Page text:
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I would like to know what characterizes large, successful open source communities. Specifically, I am looking for serious research (book/academical paper or similar), which describes common characteristics of successful large open source communities, but also projects that seem to function well without such characteristics.

Some of the tings I expect to read about is:

  • How many committers are there usually?
  • Are there any other levels of hierarchy apart from committers and others?
  • Are they all meritocracies?
  • Are the communities slowly corrupted, leading to forking and new healthy communities arising around the same source code?
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3 Answers 3

Martin Krafft's research came to the top of the mind. He was (or is still) studying Debian processes of development, collaboration and such with regards to how tools and techniques enter and leave the processes.

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I studied The Linux Kernel Janitor Project when writing my master thesis, and part of what I did was to compare what describes members of that project compared to other open source projects in general as well as how such projects are organized. Several of the papers I read and used answers your questions, but since it is some years since I wrote it, I do not have details of them fresh in memory. But I reccommend that you get a copy of the thesis and look into the community analysis part of it. The thesis is titled Analysis and description of an open source janitor project and is still availiable online. It was later reworked a little and published as a book with the title Someone actually doing systematic non-functional software maintenance.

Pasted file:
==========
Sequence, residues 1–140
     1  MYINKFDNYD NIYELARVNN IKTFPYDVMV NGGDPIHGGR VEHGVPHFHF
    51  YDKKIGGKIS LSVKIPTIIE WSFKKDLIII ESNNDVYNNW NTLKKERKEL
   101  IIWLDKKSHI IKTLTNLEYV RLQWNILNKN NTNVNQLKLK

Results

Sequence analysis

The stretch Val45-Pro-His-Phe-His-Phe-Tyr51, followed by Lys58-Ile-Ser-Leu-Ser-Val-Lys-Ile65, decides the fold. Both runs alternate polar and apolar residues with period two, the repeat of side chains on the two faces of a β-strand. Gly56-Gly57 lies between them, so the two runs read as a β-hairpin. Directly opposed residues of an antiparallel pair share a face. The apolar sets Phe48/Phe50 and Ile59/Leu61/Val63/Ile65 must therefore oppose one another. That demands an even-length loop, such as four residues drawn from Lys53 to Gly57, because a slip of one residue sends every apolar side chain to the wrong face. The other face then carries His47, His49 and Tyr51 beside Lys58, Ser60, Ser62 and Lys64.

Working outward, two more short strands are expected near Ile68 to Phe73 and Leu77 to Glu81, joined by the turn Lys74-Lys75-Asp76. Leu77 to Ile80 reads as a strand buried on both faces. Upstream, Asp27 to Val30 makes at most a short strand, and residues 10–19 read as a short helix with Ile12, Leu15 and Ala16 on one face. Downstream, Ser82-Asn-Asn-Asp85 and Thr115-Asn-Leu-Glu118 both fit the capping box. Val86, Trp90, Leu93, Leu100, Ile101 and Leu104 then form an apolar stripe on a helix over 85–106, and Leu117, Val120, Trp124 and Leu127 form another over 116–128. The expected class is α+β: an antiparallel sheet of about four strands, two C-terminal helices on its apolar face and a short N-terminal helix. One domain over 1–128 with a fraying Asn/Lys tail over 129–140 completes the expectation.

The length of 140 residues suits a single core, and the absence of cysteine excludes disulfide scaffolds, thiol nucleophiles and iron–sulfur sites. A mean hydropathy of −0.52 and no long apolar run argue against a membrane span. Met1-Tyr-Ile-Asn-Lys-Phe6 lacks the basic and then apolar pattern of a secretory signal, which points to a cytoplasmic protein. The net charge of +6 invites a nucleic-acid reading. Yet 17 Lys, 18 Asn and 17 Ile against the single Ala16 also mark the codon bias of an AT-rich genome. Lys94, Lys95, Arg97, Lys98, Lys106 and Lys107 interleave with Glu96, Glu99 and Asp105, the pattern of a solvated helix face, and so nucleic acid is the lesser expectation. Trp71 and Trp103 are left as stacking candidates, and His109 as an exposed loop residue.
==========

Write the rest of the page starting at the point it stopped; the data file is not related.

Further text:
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Although it's a relatively small sample size, Eric S. Raymond's The Cathedral & the Bazaar: Musings on Linux and Open Source by an Accidental Revolutionary discusses the Linux kernel development process and the fetchmail project. The book contains several essays, each of which can be found freely online, in several languages - The Cathedral and the Bazaar, Homesteading the Noosphere, The Magic Cauldron, and Revenge of the Hackers.

The Cathedral and the Bazaar is more technical, focusing on the requirements, design, implementation, and testing of the Linux kernel and Raymond's experiences with the fetchmail project. Homesteading the Noosphere is about more social aspects of open-source development, including project ownership and contributor motivation. The Magic Cauldron is more about the economics of open source development. Revenge of the Hackers is about more recent developments in the open source community.

The sample size is relatively small, but these works provide some insight into open source software development communities.

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